A gradual weaning may make more sense. Some “lucky” women find that a natural aversion to the smell of smoke forces the issue, and the quit.
3. Try Goal Setting
If you can’t quit on the first day you know you’re pregnant, set a goal for tapering off, say by day 10. Plan a reward for your efforts that day.
You might calculate how much money you would save in a year of not smoking and spend it on something special for yourself or your baby.
4. Cut Down on how much Poison You Inhale
As you attempt at quitting smoking while pregnant, try taking fewer puffs. Or smoke only the first half of the cigarette. (More poisons are concentrated toward the end of the cigarette.) Better still, don’t inhale. This can cut down your nicotine dose by a half.
5. Make It Inconvenient to Smoke
Buy only one pack at a time. Leave the pack somewhere inconvenient, like in the garage.
6. Fill the Void Left by Quitting Smoking While Pregnant
Think about what led you to start smoking. Once you identify the psychological reasons that may have led to this physiological addiction, the easier it might be for you to stop, or at least find a safer substitute habit.
7. Try Healthier Substitutes
If you need to hold something and keep your hands busy, try writing, drawing, painting or working crossword puzzles. If you need something in your mouth, try chewing on carrot or celery sticks, cinnamon sticks or straws, or try sucking on ice, healthy popsicles or hard candy. Nibble on sunflower seeds or granola.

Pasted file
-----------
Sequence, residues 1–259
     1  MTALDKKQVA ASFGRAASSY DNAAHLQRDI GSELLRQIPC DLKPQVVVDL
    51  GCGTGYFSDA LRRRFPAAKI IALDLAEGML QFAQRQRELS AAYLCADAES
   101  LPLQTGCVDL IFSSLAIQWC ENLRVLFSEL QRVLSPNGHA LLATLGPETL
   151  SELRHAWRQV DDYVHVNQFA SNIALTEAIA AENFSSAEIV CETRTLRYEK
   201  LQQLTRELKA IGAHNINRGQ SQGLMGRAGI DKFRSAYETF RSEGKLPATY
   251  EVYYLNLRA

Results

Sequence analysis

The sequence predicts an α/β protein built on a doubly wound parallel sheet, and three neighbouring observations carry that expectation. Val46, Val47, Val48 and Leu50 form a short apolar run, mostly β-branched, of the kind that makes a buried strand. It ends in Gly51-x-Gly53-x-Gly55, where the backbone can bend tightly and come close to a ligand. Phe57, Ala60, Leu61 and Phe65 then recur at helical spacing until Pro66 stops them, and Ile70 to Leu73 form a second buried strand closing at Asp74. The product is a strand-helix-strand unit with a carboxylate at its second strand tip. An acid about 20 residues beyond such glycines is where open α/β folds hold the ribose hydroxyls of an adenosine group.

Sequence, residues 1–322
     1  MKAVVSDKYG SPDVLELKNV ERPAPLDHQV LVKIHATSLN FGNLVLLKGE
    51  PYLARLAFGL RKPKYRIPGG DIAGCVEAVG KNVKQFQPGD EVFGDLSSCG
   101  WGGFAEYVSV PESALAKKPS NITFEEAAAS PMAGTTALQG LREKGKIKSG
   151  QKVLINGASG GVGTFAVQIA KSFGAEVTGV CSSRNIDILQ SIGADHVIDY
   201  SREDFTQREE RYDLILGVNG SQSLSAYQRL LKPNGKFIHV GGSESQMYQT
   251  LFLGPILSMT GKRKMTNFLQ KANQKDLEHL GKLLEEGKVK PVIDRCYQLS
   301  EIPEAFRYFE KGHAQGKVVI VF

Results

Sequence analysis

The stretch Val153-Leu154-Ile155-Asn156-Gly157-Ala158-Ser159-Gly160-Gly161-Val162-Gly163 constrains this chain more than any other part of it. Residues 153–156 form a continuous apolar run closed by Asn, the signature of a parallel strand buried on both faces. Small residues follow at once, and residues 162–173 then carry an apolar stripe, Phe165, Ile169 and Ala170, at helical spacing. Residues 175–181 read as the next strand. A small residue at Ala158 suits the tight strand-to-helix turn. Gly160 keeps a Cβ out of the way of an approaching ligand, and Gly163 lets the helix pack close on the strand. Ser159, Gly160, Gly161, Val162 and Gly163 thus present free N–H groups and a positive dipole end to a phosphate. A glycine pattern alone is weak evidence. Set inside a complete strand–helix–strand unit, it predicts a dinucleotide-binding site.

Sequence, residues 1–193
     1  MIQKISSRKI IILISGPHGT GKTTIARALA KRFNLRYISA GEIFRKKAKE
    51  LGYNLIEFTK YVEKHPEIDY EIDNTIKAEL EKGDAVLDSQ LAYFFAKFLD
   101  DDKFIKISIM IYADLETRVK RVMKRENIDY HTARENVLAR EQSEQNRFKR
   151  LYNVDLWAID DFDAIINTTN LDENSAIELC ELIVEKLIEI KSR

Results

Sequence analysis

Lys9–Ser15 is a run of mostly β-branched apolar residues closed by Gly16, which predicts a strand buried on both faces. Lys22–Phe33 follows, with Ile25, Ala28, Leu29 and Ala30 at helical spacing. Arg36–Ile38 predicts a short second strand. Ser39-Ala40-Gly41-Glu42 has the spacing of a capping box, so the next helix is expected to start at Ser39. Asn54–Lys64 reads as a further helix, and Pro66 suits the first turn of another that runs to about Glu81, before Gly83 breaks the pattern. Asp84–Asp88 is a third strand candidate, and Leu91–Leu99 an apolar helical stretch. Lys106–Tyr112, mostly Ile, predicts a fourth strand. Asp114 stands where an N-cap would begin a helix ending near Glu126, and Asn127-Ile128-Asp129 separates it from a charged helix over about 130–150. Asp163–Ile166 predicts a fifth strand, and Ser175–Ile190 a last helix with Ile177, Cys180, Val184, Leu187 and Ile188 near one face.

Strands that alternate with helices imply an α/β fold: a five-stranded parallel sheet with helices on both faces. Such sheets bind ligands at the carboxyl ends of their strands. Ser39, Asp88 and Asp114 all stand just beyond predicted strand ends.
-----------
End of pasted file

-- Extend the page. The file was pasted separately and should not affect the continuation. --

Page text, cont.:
Chew gum. If you smoked for relaxation, try listening to soothing music, reading or paying for an occasional massage. Take a walk. Go swimming. If you smoked for pleasure, indulge yourself in fun at a non-smoking place: go to a movie or a restaurant, go shopping, go visit a non-smoking friend.
8. Get Professional Help
If after two weeks you have made no progress on your own, you might want to contact a local quit-smoking resource or seek professional help to resolve deeper issues.
Dr. Sears, or Dr. Bill as his “little patients” call him, has been advising busy parents on how to raise healthier families for over 40 years. He received his medical training at Harvard Medical School’s Children’s Hospital in Boston and The Hospital for Sick Children in Toronto, the world’s largest children’s hospital, where he was associate ward chief of the newborn intensive care unit before serving as the chief of pediatrics at Toronto Western Hospital, a teaching hospital of the University of Toronto. He has served as a professor of pediatrics at the University of Toronto, University of South Carolina, University of Southern California School of Medicine, and University of California: Irvine. As a father of 8 children, he coached Little League sports for 20 years, and together with his wife Martha has written more than 40 best-selling books and countless articles on nutrition, parenting, and healthy aging. He serves as a health consultant for magazines, TV, radio and other media, and his AskDrSears.com website is one of the most popular health and parenting sites. Dr. Sears has appeared on over 100 television programs, including 20/20, Good Morning America, Oprah, Today, The View, and Dr. Phil, and was featured on the cover of TIME Magazine in May 2012. He is noted for his science-made-simple-and-fun approach to family health.